• For a window fitter to install the double glazing for you, you should expect to pay around £10 to £20 per hour.
  • For your conservatory interior, you might want to consider hiring a painter and decorator . They'll usually charge about £100 to £300 per day.
  • For fitting any electrical systems or lights, you might need to bring in an electrician . Typically, electricians cost around £30 to £60 per hour.

How Long Does It Take to Build a Conservatory?

Here's another important thing.

You need to consider the time it will take to build a new conservatory, as this will help you determine the final cost that you should expect to pay for it.

The table below sets out the time frame for the different types of conservatory.

Type of conservatory
Victorian 3 - 4 weeks
Edwardian 2 – 3 weeks
Lean-to 2 – 3 weeks
P-shaped 3 – 4 weeks
L-shaped 3 – 4 weeks
T-shaped 3 – 4 weeks
Orangery 4 – 5 weeks
Sunroom 2 – 3 weeks
Glass room 1 – 2 weeks

How Much Does Each Stage of a Conservatory Build Cost?

There are various stages involved in building a conservatory.

Let's go through each stage (and the costs involved) now.

Building a Conservatory Base

Before building your conservatory, you need to make sure that you have a robust base to support it.

This involves excavating the floor area where your conservatory will be situated. It will then be levelled, and the conservatory base should be formed using concrete which usually costs around £90 per square metre.

Building Conservatory Wall

Once the conservatory base is built, a low dwarf-wall will need to be constructed to provide extra support to your conservatory.

This will involve building the wall from the base upwards, ensuring that is it no less than a metre high. The average cost of a conservatory dwarf wall is normally around £50 to £300 per m².

Building the Conservatory Roof

Once the foundations are in place, the roof can then be constructed. This involves installing the roof ridge and roof rafters, along with fitting the glazing sheets.

The price to install a conservatory roof will depend on the type you choose. For example, polycarbonate roofs tend to range from £2000 to £10,00 while a glass roof usually costs around £2000 to £10,00 to install.

Conservatory Fixtures and Fittings

The final stage involves fitting windows and doors, as well as furnishing and decorating the interior.

Here's what all this will cost you:

  • Fitting conservatory windows costs around £250 to £350 per day.
  • Conservatory door installation costs around £390 to £900.
  • The cost to install conservatory lights is between £60 to £100 per light.
  • Decorating your conservatory could cost up to £500, but this depends on it's size.

Conservatory Roof Replacement & Repair Costs

After a while, your conservatory roof may need to be repaired.

Let's dive into some reasons why.

Conservatory Roof Leak Repair

If you have a tiled roof, you may be able to replace the roof tiles to prevent your roof from leaking.

The cost to replace roof tiles is around £120 to £200, but this will depend on the size of the roof.

Misted Glass Repair

If you notice that your glass has started to mist up, this means that your double-glazing may have failed. To repair your misted glass roof, you may need to remove the roof frame and replace it with new double-glazing.

This will cost around £30 to £565 per glass pane.

Roof Replacement

In some cases, you may need to have your roof completely replaced.

The cost to replace your conservatory roof will depend on the type of roof you choose.

Polycarbonate Roof

The cost of a polycarbonate roof ranges from £2600 to £4000 for a lean-to conservatory, while an Edwardian conservatory can cost around £4600 to £7000.

Glass Roof

These are slightly more expensive.

Glass conservatory roofs cost around £3100 to £4000, while an Edwardian conservatory ranges from £5100 to £700.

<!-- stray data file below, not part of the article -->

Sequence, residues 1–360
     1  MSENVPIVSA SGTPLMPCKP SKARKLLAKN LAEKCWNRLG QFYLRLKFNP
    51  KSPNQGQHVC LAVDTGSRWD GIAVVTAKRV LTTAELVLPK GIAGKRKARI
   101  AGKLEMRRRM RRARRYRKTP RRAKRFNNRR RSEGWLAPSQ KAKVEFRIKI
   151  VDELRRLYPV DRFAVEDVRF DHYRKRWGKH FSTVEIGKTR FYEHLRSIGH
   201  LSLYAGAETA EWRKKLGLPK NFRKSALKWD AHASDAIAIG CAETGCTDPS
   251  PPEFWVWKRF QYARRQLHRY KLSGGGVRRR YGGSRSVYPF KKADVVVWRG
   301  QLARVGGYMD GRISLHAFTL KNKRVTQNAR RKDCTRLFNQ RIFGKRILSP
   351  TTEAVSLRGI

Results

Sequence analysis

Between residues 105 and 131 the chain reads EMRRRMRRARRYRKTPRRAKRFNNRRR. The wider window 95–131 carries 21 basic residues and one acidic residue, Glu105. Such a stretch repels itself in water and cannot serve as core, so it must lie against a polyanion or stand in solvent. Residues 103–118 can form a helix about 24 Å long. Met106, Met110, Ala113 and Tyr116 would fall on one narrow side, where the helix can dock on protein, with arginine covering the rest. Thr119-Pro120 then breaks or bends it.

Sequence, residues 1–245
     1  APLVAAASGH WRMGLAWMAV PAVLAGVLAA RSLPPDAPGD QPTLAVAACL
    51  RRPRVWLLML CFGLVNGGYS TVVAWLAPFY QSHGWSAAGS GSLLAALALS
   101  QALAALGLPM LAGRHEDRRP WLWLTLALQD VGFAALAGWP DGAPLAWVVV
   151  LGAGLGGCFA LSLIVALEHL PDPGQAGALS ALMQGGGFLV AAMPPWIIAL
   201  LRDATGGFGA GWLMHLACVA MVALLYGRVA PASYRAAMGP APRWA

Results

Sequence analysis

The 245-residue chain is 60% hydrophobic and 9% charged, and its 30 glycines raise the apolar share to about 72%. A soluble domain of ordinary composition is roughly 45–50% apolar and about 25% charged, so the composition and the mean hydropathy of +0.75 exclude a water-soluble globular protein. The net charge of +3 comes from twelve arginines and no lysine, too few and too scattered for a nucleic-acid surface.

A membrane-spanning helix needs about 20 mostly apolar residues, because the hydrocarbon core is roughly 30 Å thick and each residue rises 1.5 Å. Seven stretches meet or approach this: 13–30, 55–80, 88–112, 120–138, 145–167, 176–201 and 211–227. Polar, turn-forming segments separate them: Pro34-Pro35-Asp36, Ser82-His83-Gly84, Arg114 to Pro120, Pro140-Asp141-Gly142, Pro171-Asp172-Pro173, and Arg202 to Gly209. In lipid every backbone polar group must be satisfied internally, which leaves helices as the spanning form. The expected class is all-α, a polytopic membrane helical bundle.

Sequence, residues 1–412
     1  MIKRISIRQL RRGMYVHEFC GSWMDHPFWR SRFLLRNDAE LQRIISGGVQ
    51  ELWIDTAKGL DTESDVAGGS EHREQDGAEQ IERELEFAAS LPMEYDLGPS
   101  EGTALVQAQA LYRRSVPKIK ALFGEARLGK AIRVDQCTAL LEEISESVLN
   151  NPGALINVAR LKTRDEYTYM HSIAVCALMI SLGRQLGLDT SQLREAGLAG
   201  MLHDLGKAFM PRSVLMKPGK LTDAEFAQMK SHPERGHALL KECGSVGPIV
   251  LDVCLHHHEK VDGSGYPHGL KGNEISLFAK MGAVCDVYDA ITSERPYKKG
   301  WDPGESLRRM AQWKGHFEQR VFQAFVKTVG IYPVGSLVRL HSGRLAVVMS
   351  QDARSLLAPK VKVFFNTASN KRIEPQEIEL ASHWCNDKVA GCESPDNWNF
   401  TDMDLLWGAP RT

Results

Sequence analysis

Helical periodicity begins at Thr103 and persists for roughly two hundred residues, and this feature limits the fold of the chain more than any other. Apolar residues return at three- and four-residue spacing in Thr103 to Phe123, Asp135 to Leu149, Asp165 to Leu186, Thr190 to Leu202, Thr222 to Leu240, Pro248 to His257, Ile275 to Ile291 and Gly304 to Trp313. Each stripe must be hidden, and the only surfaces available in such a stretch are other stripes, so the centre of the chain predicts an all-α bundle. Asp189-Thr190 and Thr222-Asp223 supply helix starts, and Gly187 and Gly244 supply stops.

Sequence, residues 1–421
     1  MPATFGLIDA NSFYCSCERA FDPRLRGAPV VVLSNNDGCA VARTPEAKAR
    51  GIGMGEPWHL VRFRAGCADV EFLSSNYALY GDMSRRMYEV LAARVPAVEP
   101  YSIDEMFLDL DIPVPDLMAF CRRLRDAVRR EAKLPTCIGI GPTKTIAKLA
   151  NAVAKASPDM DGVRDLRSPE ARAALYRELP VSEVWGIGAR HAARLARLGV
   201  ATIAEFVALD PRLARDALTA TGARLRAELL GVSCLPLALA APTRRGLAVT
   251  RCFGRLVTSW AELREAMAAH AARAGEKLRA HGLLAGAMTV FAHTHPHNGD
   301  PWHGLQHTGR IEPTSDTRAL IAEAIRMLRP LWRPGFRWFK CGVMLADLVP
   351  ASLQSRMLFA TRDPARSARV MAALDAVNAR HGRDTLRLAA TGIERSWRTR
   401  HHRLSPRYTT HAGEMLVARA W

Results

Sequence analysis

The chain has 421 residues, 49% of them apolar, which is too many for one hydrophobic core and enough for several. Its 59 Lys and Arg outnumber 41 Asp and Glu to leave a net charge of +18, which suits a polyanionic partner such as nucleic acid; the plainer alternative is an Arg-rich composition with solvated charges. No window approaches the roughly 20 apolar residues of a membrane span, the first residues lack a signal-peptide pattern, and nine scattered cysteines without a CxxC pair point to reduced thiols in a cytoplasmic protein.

Cost of Cleaning a Conservatory

To ensure your conservatory is long-lasting, you should try to perform a deep clean at least once or twice a month.

This is especially important for your windows, as they can be smudged easily and tend to accumulate dirt.

You can clean conservatory windows yourself using water and detergent.


This can be a time-consuming job. If you're considering hiring a professional, it will usually cost around £300 to £650 to clean the inside and outside of your conservatory.

Conservatory Removal Cost

Thinking about have your conservatory removed?

You might be thinking about it for a number of reasons: perhaps it's letting too much cold into the house in winter, or maybe it's just a little dated.

If you hire a professional to remove your conservatory, it will normally cost around £300 to remove the roof and windows.

The cost to remove the dwarf wall will be around £20 per metre and the conservatory base should cost around £120 per metre to remove.

You will also need to pay to have your waste removed. For professional removal, this should cost around £70 to £300.


Q: What is the difference between a conservatory and an orangery?

A: The main difference between a conservatory and an orangery is that a conservatory usually has a glass roof, while an orangery usually features a lantern roof which is solid on the perimeters and glazed in the middle.

Q: What is a conservatory?

A: A traditional conservatory is normally attached to the side or rear of a property and features a glass roof and walls. It is normally used as an additional seating area.

This can be beneficial in the summer months, as it allows natural light in and warms up the property.

Q: How can I clean my polycarbonate conservatory roof?

A: If you have a conservatory with a polycarbonate roof, then you need to make sure that it is cleaned regularly. This will involve clearing the debris from the roof and gutters using a leaf blower or a brush.

You should also use a mild detergent and warm water to clean your polycarbonate sheets, as any abrasive chemicals can cause the material to wear away. This will clear away any dirt that has built-up and will prolong the lifespan of your roof if you clean it at least once a year.

Q: Can a conservatory have a solid roof?

A: Some modern conservatories are installed with a solid roof, as it allows for improved insulation and noise reduction. It also helps to solve the problem of overheating in the summer and being too cold in the winter.

Q: Can a conservatory be extended?

A: Yes, it is possible to extend your conservatory.

However, you need to ensure that your extension adheres to building regulations and planning permission rules. You will also need to make sure that your existing conservatory can support an extended conservatory or if changes to the foundation need to be made.

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Author: Heather B

I am a seasoned copywriter from Liverpool - who after graduating with a BA (Hons) degree in English Media and Cultural Studies - went on to specialise in the creation of business and lifestyle copy for a wide range of industries across the UK and USA.